Make no mistake, ladies and gentlemen: this has been one of the best weeks for Xbox Live Indie games that I've ever witnessed. The quality of some of the titles on offer is absolutely astounding; rivalling their full-price XBLA brothers in terms of length, mechanics and graphics. In fact, it's been so good that I've had to declare two joint winners.
Don't you dare download that avatar outfit. Buy these games instead.
Blocks That Matter
Blocks That Matter is one of the most polished, rewarding and plain great platformers that I've had yet to see on the Indie marketplace - and in fact, that I've played in recent weeks.
Sod the usual preamble, because it's time to delve into exactly why this sweet Swedish smorgasbord deserves your 240 Microsoft Points.
After the developers, Swing Swing Submarine, are kidnapped Misery-style in order to finish their anticipated title, it transpires that they weren't actually working on a game at all. Rather, they created an experimental drilling robot, and it's up to the plucky little automaton to rescue its creators from captivity and certain death. To do so, players will guide it through intricate levels and use its powerful drill to destroy blocks of scenery that stand in your way.
So far, so basic, but as the title clearly states: the blocks of matter... matter. You collect them Minecraft-style once destroyed, and can then reassemble them into tetrominoes that form new platforms and staircases to access new areas. The puzzles are clever, the platforming mechanics are floaty yet precise and, quite frankly, the anarchic sense of humour and snappy writing makes this little an absolute gem.
The presentation also deserves a mention. Detailed, high resolution sprites and smooth animations make Blocks That Matter look absolutely exceptional (rivalling even full-price XBLA downloads) - and the minimalist art design serves to create a feast for the eyes.
Blocks That Matter is everything you could want from an Indie platformer - and thoroughly deserves to become a breakthrough hit. In a week of exceptional quality, it still stands tall as a polished, professional and outstanding title... and thus, you should download the demo without further ado.
The Last Pod Fighter
Atari's recent reboot of Star Raiders was absolutely terrible... but don't despair, space combat fans. Fighter9 is here, superhero style, to give you your fix of intense laser dogfighting in the shape of The Last Pod Fighter.
In any other week, this would have been my standout pick - and is a worthy joint winner this time around.
Commanding a powerful fighter, you'll weave and dodge your way through enormous asteroid-strewn arenas, using slick and accessible Rogue Squadron controls that give you free range of motion rather than tethering you to invisible rails. Barrel rolls and boosts provide you with multiple ways to evade enemy fire and close with swarms of opposing fighters, which eventually allow you to duke it out with massive armoured capital ships for points and glory.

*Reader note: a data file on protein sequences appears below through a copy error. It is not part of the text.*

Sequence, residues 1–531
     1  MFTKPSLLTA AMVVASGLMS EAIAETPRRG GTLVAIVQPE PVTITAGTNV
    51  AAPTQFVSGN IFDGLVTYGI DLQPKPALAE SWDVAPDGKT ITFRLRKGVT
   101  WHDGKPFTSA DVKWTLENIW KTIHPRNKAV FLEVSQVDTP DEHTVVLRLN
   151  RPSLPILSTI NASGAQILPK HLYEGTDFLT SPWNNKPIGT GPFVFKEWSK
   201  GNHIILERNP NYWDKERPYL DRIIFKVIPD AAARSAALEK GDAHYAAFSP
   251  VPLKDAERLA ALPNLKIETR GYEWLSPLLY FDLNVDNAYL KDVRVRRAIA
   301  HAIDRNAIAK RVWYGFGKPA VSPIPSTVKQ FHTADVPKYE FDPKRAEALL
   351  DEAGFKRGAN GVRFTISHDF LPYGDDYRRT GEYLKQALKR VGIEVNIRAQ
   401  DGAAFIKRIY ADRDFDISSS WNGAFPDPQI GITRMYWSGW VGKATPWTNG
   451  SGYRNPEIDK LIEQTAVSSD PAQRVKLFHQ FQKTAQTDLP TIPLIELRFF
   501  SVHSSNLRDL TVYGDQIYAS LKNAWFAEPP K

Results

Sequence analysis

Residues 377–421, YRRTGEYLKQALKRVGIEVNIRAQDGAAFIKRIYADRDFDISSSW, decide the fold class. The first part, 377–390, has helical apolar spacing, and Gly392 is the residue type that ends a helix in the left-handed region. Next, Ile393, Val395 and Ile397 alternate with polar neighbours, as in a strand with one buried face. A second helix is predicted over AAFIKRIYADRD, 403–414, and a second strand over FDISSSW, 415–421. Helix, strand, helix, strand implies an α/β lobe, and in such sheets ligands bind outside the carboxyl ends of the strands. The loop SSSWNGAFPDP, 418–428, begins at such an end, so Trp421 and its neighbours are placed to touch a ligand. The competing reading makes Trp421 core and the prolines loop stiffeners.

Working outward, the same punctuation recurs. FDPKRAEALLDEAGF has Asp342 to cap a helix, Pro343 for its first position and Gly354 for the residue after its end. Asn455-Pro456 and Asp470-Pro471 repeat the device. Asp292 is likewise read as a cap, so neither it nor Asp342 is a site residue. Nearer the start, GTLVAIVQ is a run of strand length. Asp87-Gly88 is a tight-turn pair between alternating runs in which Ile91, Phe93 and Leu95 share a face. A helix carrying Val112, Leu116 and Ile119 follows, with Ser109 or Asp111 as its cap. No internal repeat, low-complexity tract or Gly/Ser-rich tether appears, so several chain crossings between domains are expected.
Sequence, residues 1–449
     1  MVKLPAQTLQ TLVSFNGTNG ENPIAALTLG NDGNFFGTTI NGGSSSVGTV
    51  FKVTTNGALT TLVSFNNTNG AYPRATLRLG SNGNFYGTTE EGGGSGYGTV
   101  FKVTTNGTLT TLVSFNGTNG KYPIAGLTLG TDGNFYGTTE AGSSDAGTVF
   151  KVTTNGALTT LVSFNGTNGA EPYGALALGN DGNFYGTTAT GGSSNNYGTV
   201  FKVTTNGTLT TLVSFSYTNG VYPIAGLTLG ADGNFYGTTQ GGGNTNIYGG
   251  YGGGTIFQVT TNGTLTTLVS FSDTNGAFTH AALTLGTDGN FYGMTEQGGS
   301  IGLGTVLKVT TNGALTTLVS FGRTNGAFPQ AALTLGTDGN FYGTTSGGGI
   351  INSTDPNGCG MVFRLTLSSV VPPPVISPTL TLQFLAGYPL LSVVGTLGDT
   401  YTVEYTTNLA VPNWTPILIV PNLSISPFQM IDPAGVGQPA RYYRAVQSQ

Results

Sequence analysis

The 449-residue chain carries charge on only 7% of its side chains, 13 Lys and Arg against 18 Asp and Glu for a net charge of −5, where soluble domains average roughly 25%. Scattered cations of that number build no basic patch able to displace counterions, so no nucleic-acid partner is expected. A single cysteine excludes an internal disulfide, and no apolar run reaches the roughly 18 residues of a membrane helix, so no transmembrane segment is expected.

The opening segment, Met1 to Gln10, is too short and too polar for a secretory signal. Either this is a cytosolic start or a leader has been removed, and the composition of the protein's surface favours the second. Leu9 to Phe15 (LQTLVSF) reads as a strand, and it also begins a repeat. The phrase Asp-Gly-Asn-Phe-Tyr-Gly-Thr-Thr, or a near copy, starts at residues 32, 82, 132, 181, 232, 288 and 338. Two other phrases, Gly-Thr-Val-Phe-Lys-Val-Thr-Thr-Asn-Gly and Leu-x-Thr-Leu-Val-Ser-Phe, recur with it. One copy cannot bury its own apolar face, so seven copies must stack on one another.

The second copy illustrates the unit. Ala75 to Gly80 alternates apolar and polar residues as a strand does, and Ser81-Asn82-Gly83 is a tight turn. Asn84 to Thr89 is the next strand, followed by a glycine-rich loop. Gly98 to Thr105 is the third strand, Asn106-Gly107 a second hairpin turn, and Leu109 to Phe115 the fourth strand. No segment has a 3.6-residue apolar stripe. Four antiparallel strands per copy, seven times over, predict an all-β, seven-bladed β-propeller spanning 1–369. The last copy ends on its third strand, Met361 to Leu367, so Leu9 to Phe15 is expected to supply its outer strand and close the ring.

Killing enemies rewards you with various pods that can be triggered with a jab of their respective face button. Upgraded weapons, health boosts, nuclear explosions and even slow motion can turn the tide of battle - and provide more depth than most arcade space combat outings.
Oh, and the graphics. The graphics. This is one of the smoothest 3D engines I've seen on the Indie Games marketplace, and it's used to devastating effect. Though the pod fighter itself looks a bit silly. This niggling gripe aside, The Last Pod Fighter looks as great as it plays - and it plays beautifully.
The Last Pod Fighter is an visceral, capable and slick arcade space shooter that provides obscene value for 68 pence. For the love of Allard, download it immediately.
10 Amazingly Awful Games
Boddicker Games managed to ace one of our previous Indie Game Of The Week roundups with their raucous and deep space shooter ETMD... that only fifty people bought. Fifty. Shame on you!
Anyway, they're back with a more mass-market title this time around. Despite its name, 10 Amazingly Awful games is essentially a compilation of capable clones of classic arcade games that delivers seriously impressive bang for your single buck. Breakout, Pac-Man, Space Invaders and even a fully-featured poker app all make an appearance, and rather than rushed and broken little, they're actually very well balanced and provide responsive, fluid mechanics. Local multiplayer for up to four players is also supported by a few of the games, making this a perfect impulse buy that you'll find yourself booting up to kill time between larger gaming sessions.
10 Amazingly Awful Games doesn't live up to its name... which in this case, is a very good thing. It's a slick and surprisingly solid compilation that more than earns your respect as well as your points.